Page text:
• By checking the "Subscribe" box, the resource will ask Hawk to feed an Artemis queue with events about changes in the indexed models. This queue will be used by the resource to update the local view of the model incrementally on the fly. A unique client ID must be provided, in order to support reconnections and durable queues. The durability of the queue can be DEFAULT (survive reconnections), DURABLE (survive reconnections and server restarts) or TEMPORARY (removed after disconnecting).

CloudATL integration

CloudATL (also known as ATL/MapReduce) is integrated in a similar way to Hawk. fr.inria.atlanmod.mondo.integration.cloudatl.servlet implements the Thrift API, which is exposed by the fr.inria.atlanmod.mondo.integration.cloudatl.cli as a set of OSGi console commands.

Setting up a trivial Hadoop cluster for testing

The CloudATL servlet works as a frontend node for a Hadoop cluster, which must have been set up in advance. The conf folder of the .servlet project provides an example of how the configuration would look like for a trivial one-node cluster. Using Docker, it is quite simple to start a one-node pseudo-distributed Hadoop cluster. Install Docker, make sure you have over 10% of free disk space (required by Hadoop to start a node) and issue the following command.

sudo docker run -it bluezio/hadoop-jh /etc/ -bash

After this, the conf/*.xml files should be updated to reflect the IP address of the Docker instance. hdfs-site.xml should also be edited to provide valid local directories writable by the user running the MONDO server. When running the server, the HADOOP_USER_NAME environment variable should be set to root (the username running Hadoop in the Docker instance) and HADOOP_CONF_DIR should be set to the absolute path to the conf directory.

NOTE: pseudo-distributed Hadoop clusters are only meant for quick test runs. To obtain actual performance gains, users will need to set up more realistic Hadoop clusters on their own. More advanced Hadoop configurations are outside of the scope of this document.

Running CloudATL jobs

Once set up, running a CloudATL job from the OSGi console can be done with two commands (the full list is available through cloudatlhelp):

cloudatlconnect http://mondo_server_ip:port/thrift/cloudatl
cloudatllaunch emftvm_url sourcemetamodel_url targetmetamodel_url sourcemodel_url targetmodel_url

The supported URL schemes are hdfs:// (for files that have been previously uploaded to the Hadoop Distributed File System, using e.g. hdfs dfs -put) and hawk+http:// (for models indexed by Hawk: these URLs are produced by the .hawkmodel editor in the hawk.emf.dt plugin).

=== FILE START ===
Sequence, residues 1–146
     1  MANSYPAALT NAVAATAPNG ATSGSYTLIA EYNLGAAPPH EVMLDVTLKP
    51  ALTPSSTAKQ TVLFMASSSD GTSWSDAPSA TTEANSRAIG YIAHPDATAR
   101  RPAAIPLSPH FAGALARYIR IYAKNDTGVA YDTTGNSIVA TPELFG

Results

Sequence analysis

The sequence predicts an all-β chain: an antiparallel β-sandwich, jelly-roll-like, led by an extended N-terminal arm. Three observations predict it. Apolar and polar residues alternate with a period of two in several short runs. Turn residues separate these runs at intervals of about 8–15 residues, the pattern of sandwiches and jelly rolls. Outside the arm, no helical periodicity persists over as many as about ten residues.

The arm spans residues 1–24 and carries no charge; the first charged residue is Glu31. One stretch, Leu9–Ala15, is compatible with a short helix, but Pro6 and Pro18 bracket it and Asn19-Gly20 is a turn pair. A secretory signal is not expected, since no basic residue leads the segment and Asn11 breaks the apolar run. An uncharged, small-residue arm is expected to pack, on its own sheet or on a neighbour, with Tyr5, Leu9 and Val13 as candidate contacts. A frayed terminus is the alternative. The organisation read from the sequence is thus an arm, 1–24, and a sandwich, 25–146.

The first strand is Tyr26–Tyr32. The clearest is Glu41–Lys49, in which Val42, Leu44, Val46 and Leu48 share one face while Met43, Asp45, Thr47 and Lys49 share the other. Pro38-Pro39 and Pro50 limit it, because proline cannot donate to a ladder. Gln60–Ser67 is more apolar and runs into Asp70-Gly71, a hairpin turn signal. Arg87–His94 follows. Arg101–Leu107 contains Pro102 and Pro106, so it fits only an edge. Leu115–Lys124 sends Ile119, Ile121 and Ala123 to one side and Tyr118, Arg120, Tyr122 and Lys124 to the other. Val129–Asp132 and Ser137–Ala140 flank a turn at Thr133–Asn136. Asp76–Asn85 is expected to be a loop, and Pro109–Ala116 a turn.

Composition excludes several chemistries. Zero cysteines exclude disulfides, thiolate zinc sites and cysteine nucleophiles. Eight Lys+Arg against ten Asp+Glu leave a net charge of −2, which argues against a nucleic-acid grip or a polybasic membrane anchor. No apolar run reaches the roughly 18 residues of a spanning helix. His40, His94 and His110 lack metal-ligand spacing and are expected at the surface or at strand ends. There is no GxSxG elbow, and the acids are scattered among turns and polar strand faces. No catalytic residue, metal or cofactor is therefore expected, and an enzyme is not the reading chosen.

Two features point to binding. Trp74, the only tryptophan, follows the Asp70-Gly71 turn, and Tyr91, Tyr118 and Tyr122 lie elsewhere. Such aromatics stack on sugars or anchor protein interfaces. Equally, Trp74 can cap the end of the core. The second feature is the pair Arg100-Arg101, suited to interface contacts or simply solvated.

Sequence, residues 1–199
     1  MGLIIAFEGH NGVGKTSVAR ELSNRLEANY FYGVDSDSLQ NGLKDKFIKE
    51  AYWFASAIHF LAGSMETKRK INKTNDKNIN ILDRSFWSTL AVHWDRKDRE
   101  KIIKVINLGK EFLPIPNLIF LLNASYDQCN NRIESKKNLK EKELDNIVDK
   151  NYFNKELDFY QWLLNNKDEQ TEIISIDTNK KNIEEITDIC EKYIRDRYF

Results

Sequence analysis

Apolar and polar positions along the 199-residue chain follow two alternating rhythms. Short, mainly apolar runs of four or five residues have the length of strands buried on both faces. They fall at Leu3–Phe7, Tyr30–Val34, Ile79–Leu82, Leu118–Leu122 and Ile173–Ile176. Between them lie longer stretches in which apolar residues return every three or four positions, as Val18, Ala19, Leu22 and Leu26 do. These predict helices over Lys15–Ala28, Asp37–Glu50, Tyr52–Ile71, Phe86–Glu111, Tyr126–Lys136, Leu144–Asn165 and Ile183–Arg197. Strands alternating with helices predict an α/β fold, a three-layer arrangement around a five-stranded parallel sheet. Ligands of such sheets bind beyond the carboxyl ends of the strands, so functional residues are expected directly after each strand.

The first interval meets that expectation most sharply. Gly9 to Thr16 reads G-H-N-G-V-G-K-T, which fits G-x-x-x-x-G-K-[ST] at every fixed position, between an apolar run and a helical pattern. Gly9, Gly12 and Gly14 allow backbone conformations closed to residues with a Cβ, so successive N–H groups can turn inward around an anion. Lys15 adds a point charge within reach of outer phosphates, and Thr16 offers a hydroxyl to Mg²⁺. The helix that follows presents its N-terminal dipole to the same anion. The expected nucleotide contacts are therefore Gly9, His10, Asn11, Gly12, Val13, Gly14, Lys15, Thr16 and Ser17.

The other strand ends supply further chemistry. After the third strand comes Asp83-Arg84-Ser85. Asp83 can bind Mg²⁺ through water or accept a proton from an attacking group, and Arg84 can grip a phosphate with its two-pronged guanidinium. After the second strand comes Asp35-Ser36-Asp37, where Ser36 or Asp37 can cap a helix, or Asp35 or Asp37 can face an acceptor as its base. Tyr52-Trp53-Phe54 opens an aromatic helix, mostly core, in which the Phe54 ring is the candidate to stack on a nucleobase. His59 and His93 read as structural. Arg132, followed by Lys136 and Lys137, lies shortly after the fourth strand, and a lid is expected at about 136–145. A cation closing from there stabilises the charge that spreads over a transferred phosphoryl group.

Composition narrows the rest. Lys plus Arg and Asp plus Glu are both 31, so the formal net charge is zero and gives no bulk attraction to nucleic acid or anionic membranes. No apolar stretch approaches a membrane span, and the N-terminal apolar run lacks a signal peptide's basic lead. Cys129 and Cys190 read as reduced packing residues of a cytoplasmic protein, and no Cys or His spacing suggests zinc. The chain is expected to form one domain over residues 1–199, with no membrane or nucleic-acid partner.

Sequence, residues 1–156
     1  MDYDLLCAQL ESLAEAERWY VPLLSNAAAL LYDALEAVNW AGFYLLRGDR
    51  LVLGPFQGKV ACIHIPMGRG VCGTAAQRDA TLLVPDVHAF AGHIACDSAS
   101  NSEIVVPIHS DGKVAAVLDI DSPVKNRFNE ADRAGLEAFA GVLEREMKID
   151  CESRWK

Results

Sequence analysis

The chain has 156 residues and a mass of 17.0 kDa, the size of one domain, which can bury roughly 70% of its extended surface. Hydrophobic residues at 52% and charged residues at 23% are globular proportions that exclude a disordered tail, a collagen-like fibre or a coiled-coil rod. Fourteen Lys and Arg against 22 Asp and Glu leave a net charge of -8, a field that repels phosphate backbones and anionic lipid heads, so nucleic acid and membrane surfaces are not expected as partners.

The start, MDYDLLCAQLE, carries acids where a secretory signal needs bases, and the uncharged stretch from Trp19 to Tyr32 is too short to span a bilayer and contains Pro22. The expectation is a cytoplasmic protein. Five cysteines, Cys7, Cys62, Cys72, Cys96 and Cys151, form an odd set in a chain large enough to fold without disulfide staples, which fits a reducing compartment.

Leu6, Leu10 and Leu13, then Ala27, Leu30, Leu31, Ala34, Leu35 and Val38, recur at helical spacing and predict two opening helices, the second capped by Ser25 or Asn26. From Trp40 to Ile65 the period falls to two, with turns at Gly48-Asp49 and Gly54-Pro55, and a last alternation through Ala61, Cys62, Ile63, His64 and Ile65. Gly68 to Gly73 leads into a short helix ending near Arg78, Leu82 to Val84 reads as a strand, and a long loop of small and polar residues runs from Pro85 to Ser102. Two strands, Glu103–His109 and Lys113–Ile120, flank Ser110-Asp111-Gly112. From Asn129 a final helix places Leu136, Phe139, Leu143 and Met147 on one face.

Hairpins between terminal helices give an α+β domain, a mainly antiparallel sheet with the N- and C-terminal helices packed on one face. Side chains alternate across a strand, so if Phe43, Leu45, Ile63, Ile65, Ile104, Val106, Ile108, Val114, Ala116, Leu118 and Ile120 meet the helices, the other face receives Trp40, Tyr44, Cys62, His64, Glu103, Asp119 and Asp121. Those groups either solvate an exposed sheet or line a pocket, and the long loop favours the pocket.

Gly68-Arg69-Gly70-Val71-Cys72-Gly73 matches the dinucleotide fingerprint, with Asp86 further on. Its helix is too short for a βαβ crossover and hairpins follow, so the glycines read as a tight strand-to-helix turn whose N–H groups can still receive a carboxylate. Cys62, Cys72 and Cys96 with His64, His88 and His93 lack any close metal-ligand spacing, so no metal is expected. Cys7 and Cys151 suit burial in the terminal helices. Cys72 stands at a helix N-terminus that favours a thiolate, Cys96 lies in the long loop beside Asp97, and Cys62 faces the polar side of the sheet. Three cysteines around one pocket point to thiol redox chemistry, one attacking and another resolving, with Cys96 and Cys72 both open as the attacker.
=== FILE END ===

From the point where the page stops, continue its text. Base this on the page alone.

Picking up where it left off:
Building the .jar files for Hadoop

The CloudATL servlet needs to have up-to-date builds of ATL/MapReduce and the Hawk EMF driver in its libs folder, so it can send them to Hadoop for processing. Building the .jar requires these steps:

  1. Download and install a recent version of Eclipse and a JDK for Java 7.
  2. Go to "Window > Preferences > Java > Compiler" and change the default "Compiler compliance level" to 1.7. This is needed for the Docker image above, which comes with Java 7.
  3. Go to "Help > Install New Software..." and install everything from IvyDE through its update site. Let Eclipse restart.
  4. Go to the Git perspective with "Window > Perspective > Open Perspective > Other... > Git".
  5. Clone the integrate-hawk-emf Git repository and import its projects. This can be done by copying the URL into the clipboard, right-clicking on the "Git Repositories" view and selecting "Paste Repository Path or URI". Make sure to check the "Import all existing Eclipse projects" box on the last step of the wizard.
  6. Clone the repository, but do not import all projects. Instead, uncheck the box, let the clone finish and right click on the "plugins" folder within "Working Directory", selecting the "Import Projects..." menu entry.
  7. Close all projects except for atl-mr and open org.eclipse.m2m.atl.emftvm and org.eclipse.m2m.atl.emftvm.trace, without letting it open any referenced projects.
  8. Right-click on atl-mr in the "Package Explorer" view and select "Export... > Ant Buildfiles".
  9. Right-click on the generated build.xml file in the "Package Explorer" view and select "Run As > Ant Build...". Select the dist-emftvm configuration, and make sure in the "JRE" tab that it runs in the same JRE as the workspace.
  10. Refresh the atl-mr project by right clicking on it in the "Package Explorer" view and selecting "Refresh".
  11. Again, right-click on the generated build.xml file, but this time select the dist configuration. It does not need to run in the same JRE as the workspace, but nevertheless check in the "JRE" tab that a valid JRE has been selected.
  12. Refresh the project, and we're done: the binary distribution will be located in atl-mr/dist.